Saudi Arabia's Foreign Minister arrives in South Korea for a gathering of global leaders, November 10, 2010. Jo Yong-Hak/Reuters/CorbisAugust 21, 2015
My first encounter with Prince Saud Al-Faisal, who passed away in Ramadan this year, occurred forty years ago. Newly appointed as Saudi Arabia’s foreign minister after the assassination of his father, King Faisal, he came to visit my father, Ismail Fahmy, who was Egypt’s foreign minister at the time, at our beach house in Alexandria. Decades later when I served as foreign minister myself, it was moving to hear the prince state publicly, with obvious emotion, that he was proud to have worked with father and son. In every encounter we had as the foreign ministers of our respective countries, he broke protocol and precedent to be especially courteous and cordial.
My admiration for Prince Saud went beyond his refined civility. He showed steely backbone in standing firm against policies he objected to. He took a results-oriented approach to diplomacy, and came up with creative new ideas, pushing boundaries on intractable issues. He astutely agreed to proposals when less-than-ideal options were on the table. He showed great wisdom and professionalism in dealing with pressing issues without losing sight of the big picture or strategic objectives.
Many will remember Prince Saud’s strong positions and sustained efforts in support of Egypt after the June 30, 2013 revolution—emulating the support King Faisal gave to Egypt with the oil embargo after the 1973 Arab-Israeli War. He was instrumental in negotiating the 1989 Taif Agreement, which ended fourteen years of civil war in Lebanon. Also to his credit was the Saudi peace initiative adopted by the Arab Summit in Beirut in 2002 as the Arab Peace Plan.
Prince Saud often asked Egypt to pursue its proposal for a WMD-free Middle East, and despite American double standards on the issue urged us (unsuccessfully) against boycotting talks on the Nuclear Non-Proliferation Treaty. In 2013, Saudi Arabia stunned the diplomatic community by refusing to accept a seat on the ten-member United Nations Security Council because of its ineffectiveness and the double standards of its members. Prince Saud listened patiently and seriously to my ultimately unsuccessful arguments to convince Saudi Arabia to reverse its decision.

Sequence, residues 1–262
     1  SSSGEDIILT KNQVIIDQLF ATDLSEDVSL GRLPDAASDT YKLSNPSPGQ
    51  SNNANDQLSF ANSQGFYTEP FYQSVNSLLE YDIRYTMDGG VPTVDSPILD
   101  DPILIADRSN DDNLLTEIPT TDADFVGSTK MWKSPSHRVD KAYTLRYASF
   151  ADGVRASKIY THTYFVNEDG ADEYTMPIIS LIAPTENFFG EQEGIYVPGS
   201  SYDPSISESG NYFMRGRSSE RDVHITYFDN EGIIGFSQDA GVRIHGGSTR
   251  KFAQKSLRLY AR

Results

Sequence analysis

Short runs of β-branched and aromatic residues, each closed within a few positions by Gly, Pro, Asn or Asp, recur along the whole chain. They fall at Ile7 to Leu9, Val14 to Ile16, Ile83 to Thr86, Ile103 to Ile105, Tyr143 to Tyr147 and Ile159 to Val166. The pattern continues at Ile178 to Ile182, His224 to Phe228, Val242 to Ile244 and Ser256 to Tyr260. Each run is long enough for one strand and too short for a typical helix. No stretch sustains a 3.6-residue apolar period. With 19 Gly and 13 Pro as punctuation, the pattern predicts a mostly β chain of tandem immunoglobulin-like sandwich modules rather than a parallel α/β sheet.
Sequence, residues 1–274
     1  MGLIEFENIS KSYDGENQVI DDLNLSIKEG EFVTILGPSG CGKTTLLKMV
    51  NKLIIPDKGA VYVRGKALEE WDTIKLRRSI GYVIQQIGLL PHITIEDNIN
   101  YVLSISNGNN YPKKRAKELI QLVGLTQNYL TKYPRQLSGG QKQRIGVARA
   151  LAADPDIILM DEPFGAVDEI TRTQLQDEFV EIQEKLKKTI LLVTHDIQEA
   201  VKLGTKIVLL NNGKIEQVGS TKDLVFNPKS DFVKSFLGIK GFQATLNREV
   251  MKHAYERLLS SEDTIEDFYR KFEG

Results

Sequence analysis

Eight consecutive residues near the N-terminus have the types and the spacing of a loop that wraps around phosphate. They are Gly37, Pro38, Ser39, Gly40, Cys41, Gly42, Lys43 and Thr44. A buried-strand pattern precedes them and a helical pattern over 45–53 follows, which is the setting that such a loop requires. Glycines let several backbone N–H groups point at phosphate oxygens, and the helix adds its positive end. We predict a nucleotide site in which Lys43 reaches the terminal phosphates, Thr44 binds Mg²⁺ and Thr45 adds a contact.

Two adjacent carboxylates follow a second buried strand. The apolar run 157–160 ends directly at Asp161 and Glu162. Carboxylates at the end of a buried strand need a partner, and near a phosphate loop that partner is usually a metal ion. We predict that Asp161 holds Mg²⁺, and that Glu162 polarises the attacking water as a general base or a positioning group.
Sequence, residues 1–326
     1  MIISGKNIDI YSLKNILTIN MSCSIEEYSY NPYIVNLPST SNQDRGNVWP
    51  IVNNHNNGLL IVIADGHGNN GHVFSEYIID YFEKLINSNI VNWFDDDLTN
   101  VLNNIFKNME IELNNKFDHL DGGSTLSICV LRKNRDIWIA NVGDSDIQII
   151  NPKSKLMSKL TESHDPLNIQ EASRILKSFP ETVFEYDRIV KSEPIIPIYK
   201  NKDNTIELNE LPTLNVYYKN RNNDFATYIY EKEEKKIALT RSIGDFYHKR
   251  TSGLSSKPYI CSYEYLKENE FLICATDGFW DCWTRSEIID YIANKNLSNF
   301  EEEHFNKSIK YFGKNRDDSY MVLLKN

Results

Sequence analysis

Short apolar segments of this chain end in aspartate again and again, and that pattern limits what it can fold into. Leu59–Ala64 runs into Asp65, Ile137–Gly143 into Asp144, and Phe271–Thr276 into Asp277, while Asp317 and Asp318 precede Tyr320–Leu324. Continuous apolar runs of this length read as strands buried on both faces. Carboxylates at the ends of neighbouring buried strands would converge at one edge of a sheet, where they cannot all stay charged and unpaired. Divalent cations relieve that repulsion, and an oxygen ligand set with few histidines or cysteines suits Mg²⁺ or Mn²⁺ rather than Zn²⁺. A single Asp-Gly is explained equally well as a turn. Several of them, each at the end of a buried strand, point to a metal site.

Prince Saud’s wisdom was evident in our handling of the Arab position on President Obama’s aborted endeavor to bomb Syria in 2013. On this tactical step Saudi Arabia and a number of Arab countries supported using force. Egypt and others did not. I had a meeting with Prince Saud, where it was evident that our positions were close on everything but the bombing. In our discussions I also emphasized to everyone's astonishment that Obama would ultimately not bomb Syria. We drafted mutually agreed language that put the responsibility clearly and forcefully on the Syrian regime, but stayed short of paving the way for the United States to bomb Syria under the guise of an Arab League resolution a la Libya. For many months afterward Prince Saud would joke with me about my correct reading of American politicians.
Such tactical disagreements never affected relations between our two countries or their officials. In fact, they were catalysts to numerous phone calls and consultations between us on a wide range of things concerning our respective national developments and the ever-turbulent Middle East, with a view to building a better future for the region. Prince Saud Al-Faisal was a statesman diplomat and he will be missed.
Nabil Fahmy, a former foreign minister of Egypt, is dean of the School of Global Affairs and Public Policy at the American University in Cairo.